What pitfalls are associated with the use of anterior cervical plates in conjunction with multilevel corpectomies

Multilevel corpectomy constructs stabilized by anterior plates without use of supplemental posterior fixation are at high risk of failure due to:

1. Screw pullout at the inferior segment

2. Subsidence of the strut graft or cage into the vertebral body receptor sites

3. Graft or cage dislodgement

4. Pseudarthrosis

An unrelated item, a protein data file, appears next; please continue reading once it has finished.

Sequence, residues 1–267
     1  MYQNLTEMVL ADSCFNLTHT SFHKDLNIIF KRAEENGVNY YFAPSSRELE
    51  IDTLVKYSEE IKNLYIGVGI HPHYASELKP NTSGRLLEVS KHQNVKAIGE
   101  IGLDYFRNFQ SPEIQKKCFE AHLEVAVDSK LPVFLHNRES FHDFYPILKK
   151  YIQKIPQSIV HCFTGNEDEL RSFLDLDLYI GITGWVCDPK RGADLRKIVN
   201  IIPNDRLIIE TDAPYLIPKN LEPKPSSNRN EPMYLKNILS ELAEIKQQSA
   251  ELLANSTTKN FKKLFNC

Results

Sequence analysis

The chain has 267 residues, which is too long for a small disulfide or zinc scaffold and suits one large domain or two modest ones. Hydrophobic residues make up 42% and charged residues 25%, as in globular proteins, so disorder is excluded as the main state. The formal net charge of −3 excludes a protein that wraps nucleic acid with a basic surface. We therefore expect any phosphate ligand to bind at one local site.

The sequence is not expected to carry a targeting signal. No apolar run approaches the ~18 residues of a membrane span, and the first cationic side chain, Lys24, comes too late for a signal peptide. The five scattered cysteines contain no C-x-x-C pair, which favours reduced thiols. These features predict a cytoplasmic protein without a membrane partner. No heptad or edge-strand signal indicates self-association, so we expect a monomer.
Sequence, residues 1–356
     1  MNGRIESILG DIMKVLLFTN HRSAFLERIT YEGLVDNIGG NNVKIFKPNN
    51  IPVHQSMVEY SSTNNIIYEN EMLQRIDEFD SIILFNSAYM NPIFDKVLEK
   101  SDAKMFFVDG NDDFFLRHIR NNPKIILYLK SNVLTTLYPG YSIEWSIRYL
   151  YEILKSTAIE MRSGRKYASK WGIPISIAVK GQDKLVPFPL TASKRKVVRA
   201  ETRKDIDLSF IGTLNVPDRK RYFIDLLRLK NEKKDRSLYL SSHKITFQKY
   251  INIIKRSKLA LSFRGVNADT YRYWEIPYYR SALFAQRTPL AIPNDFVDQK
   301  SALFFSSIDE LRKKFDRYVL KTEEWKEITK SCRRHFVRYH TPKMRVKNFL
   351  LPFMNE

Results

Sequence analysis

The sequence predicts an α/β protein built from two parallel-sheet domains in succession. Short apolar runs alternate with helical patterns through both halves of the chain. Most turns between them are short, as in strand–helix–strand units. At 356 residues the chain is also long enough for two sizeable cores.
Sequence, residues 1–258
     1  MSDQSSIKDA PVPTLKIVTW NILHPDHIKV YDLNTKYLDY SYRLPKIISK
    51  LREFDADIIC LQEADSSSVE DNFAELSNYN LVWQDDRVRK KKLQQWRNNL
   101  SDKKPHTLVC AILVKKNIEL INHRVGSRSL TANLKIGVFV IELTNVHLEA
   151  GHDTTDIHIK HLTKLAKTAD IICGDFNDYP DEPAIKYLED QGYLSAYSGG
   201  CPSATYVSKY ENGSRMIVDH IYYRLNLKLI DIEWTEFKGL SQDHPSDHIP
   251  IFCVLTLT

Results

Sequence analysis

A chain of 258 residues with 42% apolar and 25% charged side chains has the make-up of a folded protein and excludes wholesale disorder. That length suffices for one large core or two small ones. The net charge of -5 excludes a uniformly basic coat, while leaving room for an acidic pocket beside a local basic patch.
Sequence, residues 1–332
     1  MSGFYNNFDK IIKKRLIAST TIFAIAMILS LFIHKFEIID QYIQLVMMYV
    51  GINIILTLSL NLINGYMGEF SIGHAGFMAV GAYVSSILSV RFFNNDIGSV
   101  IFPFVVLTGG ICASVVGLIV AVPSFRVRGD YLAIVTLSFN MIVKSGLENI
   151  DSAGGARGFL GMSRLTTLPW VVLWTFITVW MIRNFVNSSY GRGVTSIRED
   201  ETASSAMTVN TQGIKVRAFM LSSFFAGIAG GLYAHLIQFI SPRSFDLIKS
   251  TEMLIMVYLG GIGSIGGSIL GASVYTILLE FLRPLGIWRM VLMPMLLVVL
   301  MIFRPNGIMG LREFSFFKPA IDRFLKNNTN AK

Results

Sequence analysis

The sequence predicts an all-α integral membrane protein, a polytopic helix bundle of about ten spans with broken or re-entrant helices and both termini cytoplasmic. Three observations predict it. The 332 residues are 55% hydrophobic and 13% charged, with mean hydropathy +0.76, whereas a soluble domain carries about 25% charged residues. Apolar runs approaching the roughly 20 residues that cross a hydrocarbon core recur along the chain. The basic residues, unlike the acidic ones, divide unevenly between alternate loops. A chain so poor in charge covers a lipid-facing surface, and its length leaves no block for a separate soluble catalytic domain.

Biomechanical studies have shown that excessive forces occur at the caudal vertebral body screws. In multiple-level corpectomy constructs, subsidence from 1 to 3 mm at each level results in increased screw contact forces caudally. Resultant loss of fixation can lead to graft dislodgement with catastrophic failure of the construct. Additionally, graft resorption commonly occurs at the proximal and distal extent of the graft, where it contacts the vertebral body. If the construct is splinted by a plate, nonunion may result. For these reasons, anterior decompression and fusion combined with posterior spinal instrumentation (typically a screw-rod system) are recommended when multilevel cervical corpectomy procedures are performed—specifically, all three-level corpectomies and certain two-level corpectomies.

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